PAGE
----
Priya Doraswamy founded Lotus Lane Literary in New Jersey in May, 2013. She has been an agent for a little over five years and has sold books globally. Priya represents bestselling and award winning adult fiction and non-fiction authors. Prior to her agency career, Priya was a Deputy Attorney General, with the State of New Jersey, prosecuting securities fraud. Priya was born and raised in Bangalore and relocated to the NY area twenty four years ago, but travels to India every year for work and pleasure.
In this interview, Priya shares insights on publishing a book in India.
This may seem obvious, but, when should a writer reach out to a publisher?
I would recommend that a writer reach out to an agent and not a publisher. More and more, authors are going down the agent route for all the obvious benefits. Publishers are also looking to agents more, although in India it’s still possible to approach publishers directly. For fiction manuscript, the book must be written in its entirety before querying agents. For non-fiction, either a detailed proposal (with synopsis, introduction, three chapters, chapter outline, and author platform) or the manuscript written in its entirety along with the proposal.
Would you recommend that writers get in touch with agents rather than publishers directly?
Absolutely. There are several agencies in India now and I would recommend authors finding an agent for their books.
What do you look for in a synopsis of one’s novel or collection of stories?
A synopsis narrates the story succinctly. Writers must take time crafting synopsis as it’s crucial in attracting the agent or publisher’s attention. Keep it in present tense, with simple language, and include only MAJOR plot points including ending. Personally, anywhere from 450-1200 word synopsis in a query letter works for me. When querying agents and publishers authors must follow submission guidelines as mandated on their website.
How important is it for an aspiring writer to have a contract? How can a literary agent help in this regard?
By definition an agent is a person who acts on behalf of another (client), to further the interests and goals of said client. A simplistic definition for a literary agent would be a person working on behalf of their clients (authors), in placing manuscripts with publishers. However, in reality, it’s much more complex than just the ability to place manuscripts with publishers. There are many facets to the business of successfully agenting an author. Agents know editors in publishing houses. They have a track record of working with publishers. Publishers trust agents to bring them solid manuscripts. While there is no guarantee that an agent will get an author a publishing contract, it’s better than the alternative for several reasons: an agent has a pulse on the book market and will likely be able to negotiate a better book deal than the author acting on his own. From a contracts standpoint, an agent undertakes the contract negotiations and guides the author to make best informed decisions. With many territories and subsidiary rights at stake (film, audio, foreign, electronic, derivative, to name a few) and money attached to these territory and subsidiary rights, it’s to the author’s advantage to have an agent who is knowledgeable in the nitty gritty to negotiate best contract. Notwithstanding contract negotiations, because the agent works on author’s behalf, the agent will help smoothen the entire process of the book’s publication. Every agent has their unique way of working with their authors. For me, I like working collaboratively with my authors to necessitate a book sale. Patience is a very valuable and necessary commodity in publishing. I am happy to work patiently until the sale is made , even if it takes several months. I am a very hands on agent and value substantive and meaningful dialogue with my authors.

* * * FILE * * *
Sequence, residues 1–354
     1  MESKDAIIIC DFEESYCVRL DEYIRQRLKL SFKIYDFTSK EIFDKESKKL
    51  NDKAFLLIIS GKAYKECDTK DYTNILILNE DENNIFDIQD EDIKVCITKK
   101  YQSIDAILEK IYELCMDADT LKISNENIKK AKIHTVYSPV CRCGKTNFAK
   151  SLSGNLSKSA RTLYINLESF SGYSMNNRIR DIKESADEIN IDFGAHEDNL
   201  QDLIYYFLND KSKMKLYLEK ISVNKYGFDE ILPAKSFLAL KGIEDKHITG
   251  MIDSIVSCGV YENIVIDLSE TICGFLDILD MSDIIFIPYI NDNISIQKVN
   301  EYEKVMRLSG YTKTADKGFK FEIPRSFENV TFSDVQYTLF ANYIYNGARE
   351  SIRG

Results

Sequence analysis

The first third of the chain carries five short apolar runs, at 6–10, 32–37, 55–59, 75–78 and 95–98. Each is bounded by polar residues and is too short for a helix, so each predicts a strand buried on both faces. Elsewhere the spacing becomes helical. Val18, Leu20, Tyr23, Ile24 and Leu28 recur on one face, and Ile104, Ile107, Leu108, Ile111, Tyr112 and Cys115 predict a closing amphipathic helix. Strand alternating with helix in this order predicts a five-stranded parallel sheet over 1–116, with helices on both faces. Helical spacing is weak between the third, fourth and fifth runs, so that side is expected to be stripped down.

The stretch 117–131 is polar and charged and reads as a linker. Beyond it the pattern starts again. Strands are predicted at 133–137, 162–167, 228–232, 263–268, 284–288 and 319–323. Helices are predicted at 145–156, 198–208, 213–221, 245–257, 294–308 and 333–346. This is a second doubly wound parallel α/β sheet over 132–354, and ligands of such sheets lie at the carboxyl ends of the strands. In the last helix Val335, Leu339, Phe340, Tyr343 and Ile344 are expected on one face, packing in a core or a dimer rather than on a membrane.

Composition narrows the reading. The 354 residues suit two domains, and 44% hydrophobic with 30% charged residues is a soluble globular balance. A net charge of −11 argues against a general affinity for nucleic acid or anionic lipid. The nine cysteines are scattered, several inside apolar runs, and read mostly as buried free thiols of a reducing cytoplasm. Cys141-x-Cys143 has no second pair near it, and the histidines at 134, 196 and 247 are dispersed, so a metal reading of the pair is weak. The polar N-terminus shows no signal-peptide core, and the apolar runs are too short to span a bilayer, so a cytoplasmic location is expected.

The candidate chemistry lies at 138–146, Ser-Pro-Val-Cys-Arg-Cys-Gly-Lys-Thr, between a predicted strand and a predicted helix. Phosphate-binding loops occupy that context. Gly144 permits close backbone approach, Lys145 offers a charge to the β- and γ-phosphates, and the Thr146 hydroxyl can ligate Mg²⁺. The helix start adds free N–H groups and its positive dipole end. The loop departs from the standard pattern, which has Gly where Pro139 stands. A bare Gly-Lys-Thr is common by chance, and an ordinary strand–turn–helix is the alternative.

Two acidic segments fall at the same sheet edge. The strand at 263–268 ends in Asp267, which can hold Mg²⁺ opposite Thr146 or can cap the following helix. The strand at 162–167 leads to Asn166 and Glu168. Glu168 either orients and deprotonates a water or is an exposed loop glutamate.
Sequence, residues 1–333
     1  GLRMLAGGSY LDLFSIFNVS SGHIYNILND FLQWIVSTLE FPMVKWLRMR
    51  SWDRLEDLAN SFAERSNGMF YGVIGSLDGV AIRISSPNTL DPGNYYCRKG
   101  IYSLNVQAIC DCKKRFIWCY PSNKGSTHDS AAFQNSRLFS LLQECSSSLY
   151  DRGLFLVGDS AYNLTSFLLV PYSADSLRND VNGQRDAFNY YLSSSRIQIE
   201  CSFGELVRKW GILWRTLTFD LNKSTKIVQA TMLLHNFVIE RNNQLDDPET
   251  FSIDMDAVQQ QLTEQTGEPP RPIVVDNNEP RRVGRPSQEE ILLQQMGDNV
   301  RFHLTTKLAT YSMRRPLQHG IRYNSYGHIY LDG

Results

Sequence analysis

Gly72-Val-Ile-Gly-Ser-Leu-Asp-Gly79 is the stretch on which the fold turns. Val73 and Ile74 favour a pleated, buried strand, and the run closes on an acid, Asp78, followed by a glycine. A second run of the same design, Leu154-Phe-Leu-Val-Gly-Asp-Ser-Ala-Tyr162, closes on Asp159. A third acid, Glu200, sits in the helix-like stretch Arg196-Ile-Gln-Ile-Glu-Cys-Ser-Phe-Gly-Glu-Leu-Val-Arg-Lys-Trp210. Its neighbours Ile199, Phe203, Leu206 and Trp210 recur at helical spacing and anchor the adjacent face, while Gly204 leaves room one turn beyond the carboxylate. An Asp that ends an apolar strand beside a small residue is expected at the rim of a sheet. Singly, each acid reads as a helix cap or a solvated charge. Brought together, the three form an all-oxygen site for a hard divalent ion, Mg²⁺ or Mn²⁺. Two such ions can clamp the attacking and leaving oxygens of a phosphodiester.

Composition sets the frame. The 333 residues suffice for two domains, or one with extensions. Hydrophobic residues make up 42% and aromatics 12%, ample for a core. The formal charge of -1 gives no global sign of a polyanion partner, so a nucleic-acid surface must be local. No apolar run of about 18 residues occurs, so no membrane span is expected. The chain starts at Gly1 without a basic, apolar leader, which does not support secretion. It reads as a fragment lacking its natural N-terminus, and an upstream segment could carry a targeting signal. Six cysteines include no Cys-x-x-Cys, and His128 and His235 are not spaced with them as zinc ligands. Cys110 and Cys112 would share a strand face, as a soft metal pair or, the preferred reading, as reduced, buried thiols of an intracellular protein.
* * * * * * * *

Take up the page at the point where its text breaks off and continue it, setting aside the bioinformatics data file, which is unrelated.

What homework do the authors need to do to get their work published?
Read and research. Lucky for us that we live in the age of the internet! Google is a wonderful resource for authors to help navigate the complex and murky land of publishing. I know it sounds banal to mention Google, but it really is a fantastic research tool. Additionally, authors must visit publisher websites, blogs, Twitter to observe their trends. Many published authors have websites which are also very resourceful. Some literary agents in the UK and US have very dynamic websites that offer great writing tools and tips to writers.
Do the authors have a say in design of the cover page, distribution, type of publicity they would have to do for the book, and the way the book is marketed?
Yes and No. It varies from book to book and publisher to publisher.
What’s your advice to people who want to start small and independent publishing companies in the city/country?
Go for it!
Has it become easier these days to publish books in India? We see all sorts of writing—mostly bad writing—being published today. What are your views on this?
Appreciation for books is so subjective and thus what’s bad for you might be great for another. It’s like anything in life: food, fashion, movies, TV shows etc. There’s something for everyone to love or not, and to each his own! Getting published is an achievement no matter where you are published. The Indian publishing scene is very vibrant and when compared to other territory, is bullish. It’s great to see publishers taking on debut writing in all genre. If you visit any bookstores (sadly the few that remain) you will, at once, notice the strong presence of Indian writing.
Reach out to Priya here: www.lotuslit.com